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The effectiveness of continuous respiratory rate monitoring in predicting hypoxic and pyrexic events: a retrospective cohort study

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posted on 2022-09-05, 09:04 authored by Thomas A McCartan, Amy P. Worrall, Ruán Ó Conluain, Fátimah Alaya, Christopher Mulvey, Elaine MacHale, Vincent BrennanVincent Brennan, Lorna Lombard, Joanne WalshJoanne Walsh, Myles Murray, Richard CostelloRichard Costello, Garrett Greene

Respiratory rate (RR) is routinely used to monitor patients with infectious, cardiac and respiratory diseases and is a component of early warning scores used to predict patient deterioration. However, it is often measured visually with considerable bias and inaccuracy.Objectives. Firstly, to compare distribution and accuracy of electronically measured RR (EMRR) and visually measured RR (VMRR). Secondly, to determine whether, and how far in advance, continuous electronic RR monitoring can predict oncoming hypoxic and pyrexic episodes in infectious respiratory disease.Approach.A retrospective cohort study analysing the difference between EMRR and VMRR was conducted using patient data from a large tertiary hospital. Cox proportional hazards models were used to determine whether continuous, EMRR measurements could predict oncoming hypoxic (SpO2 < 92%) and pyrexic (temperature >38 °C) episodes.Main results.Data were gathered from 34 COVID-19 patients, from which a total of 3445 observations of VMRR (independent of Hawthorne effect), peripheral oxygen saturation and temperature and 729 117 observations of EMRR were collected. VMRR had peaks in distribution at 18 and 20 breaths per minute. 70.9% of patients would have had a change of treatment during their admission based on the UK's National Early Warning System if EMRR was used in place of VMRR. An elevated EMRR was predictive of hypoxic (hazard ratio: 1.8 (1.05-3.07)) and pyrexic (hazard ratio: 9.7 (3.8-25)) episodes over the following 12 h.Significance.Continuous EMRR values are systematically different to VMRR values, and results suggest it is a better indicator of true RR as it has lower kurtosis, higher variance, a lack of peaks at expected values (18 and 20) and it measures a physiological component of breathing directly (abdominal movement). Results suggest EMRR is a strong marker of oncoming hypoxia and is highly predictive of oncoming pyrexic events in the following 12 h. In many diseases, this could provide an early window to escalate care prior to deterioration, potentially preventing morbidity and mortality.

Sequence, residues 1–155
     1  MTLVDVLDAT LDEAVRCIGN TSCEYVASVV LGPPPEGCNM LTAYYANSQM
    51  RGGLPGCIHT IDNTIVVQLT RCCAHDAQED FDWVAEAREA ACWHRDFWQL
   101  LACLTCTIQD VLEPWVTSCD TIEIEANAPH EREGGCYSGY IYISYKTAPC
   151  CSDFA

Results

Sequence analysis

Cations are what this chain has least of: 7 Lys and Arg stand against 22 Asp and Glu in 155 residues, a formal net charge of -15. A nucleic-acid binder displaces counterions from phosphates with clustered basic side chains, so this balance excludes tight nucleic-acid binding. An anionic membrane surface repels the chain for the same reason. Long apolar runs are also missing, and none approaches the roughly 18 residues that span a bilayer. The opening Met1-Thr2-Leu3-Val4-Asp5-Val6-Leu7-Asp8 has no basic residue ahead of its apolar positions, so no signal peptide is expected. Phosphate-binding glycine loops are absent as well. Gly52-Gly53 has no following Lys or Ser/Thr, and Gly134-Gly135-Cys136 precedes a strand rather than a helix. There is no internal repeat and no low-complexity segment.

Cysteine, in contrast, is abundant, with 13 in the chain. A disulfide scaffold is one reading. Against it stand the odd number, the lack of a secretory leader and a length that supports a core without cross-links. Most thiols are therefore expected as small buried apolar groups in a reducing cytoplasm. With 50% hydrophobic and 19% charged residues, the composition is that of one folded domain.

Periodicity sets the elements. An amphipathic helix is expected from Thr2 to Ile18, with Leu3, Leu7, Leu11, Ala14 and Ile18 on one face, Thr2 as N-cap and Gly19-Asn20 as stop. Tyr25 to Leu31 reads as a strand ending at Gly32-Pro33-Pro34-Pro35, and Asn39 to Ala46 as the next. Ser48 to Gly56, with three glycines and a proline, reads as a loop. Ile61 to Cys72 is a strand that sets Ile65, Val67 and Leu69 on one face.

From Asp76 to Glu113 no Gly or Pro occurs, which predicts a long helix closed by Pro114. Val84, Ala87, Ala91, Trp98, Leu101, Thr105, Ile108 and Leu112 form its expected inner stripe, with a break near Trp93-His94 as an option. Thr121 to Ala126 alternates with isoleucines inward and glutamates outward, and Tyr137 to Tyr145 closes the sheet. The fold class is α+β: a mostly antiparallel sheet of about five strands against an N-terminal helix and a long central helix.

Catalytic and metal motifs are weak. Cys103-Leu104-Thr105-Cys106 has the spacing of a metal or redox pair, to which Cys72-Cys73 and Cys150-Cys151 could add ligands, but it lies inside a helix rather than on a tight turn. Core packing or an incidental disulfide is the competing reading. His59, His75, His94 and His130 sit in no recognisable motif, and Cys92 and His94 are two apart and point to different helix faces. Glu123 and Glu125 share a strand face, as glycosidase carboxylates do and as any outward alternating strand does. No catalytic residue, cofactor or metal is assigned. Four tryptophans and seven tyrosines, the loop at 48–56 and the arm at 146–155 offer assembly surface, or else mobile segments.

History

Comments

*The accepted manuscript is ‘the version of the article accepted for publication including all changes made as a result of the peer review process, and which may also include the addition to the article by IOP Publishing of a header, an article ID, a cover sheet and/or an ‘accepted manuscript’ watermark, but excluding any other editing, typesetting or other changes made by IOP Publishing and/or its licensors’.

Published Citation

McCartan TA, et al. The effectiveness of continuous respiratory rate monitoring in predicting hypoxic and pyrexic events: a retrospective cohort study. Physiol Meas. 2021;42(6).

Publication Date

29 June 2021

PubMed ID

34044376

Department/Unit

  • Beaumont Hospital
  • Medicine

Publisher

IOP Publishing

Version

  • Accepted Version (Postprint)